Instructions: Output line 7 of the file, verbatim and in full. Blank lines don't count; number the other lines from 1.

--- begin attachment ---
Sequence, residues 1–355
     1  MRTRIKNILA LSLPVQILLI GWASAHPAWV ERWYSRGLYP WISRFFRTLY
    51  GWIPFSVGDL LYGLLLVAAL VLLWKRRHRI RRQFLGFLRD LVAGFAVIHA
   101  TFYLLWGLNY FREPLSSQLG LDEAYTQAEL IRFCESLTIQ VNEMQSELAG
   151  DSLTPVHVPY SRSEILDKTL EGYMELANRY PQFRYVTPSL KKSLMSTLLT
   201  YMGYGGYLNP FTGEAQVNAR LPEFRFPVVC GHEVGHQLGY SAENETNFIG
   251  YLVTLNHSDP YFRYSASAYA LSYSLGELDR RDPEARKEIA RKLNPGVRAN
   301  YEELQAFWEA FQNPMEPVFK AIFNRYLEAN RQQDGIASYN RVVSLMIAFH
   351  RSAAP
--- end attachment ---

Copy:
   251  YLVTLNHSDP YFRYSASAYA LSYSLGELDR RDPEARKEIA RKLNPGVRAN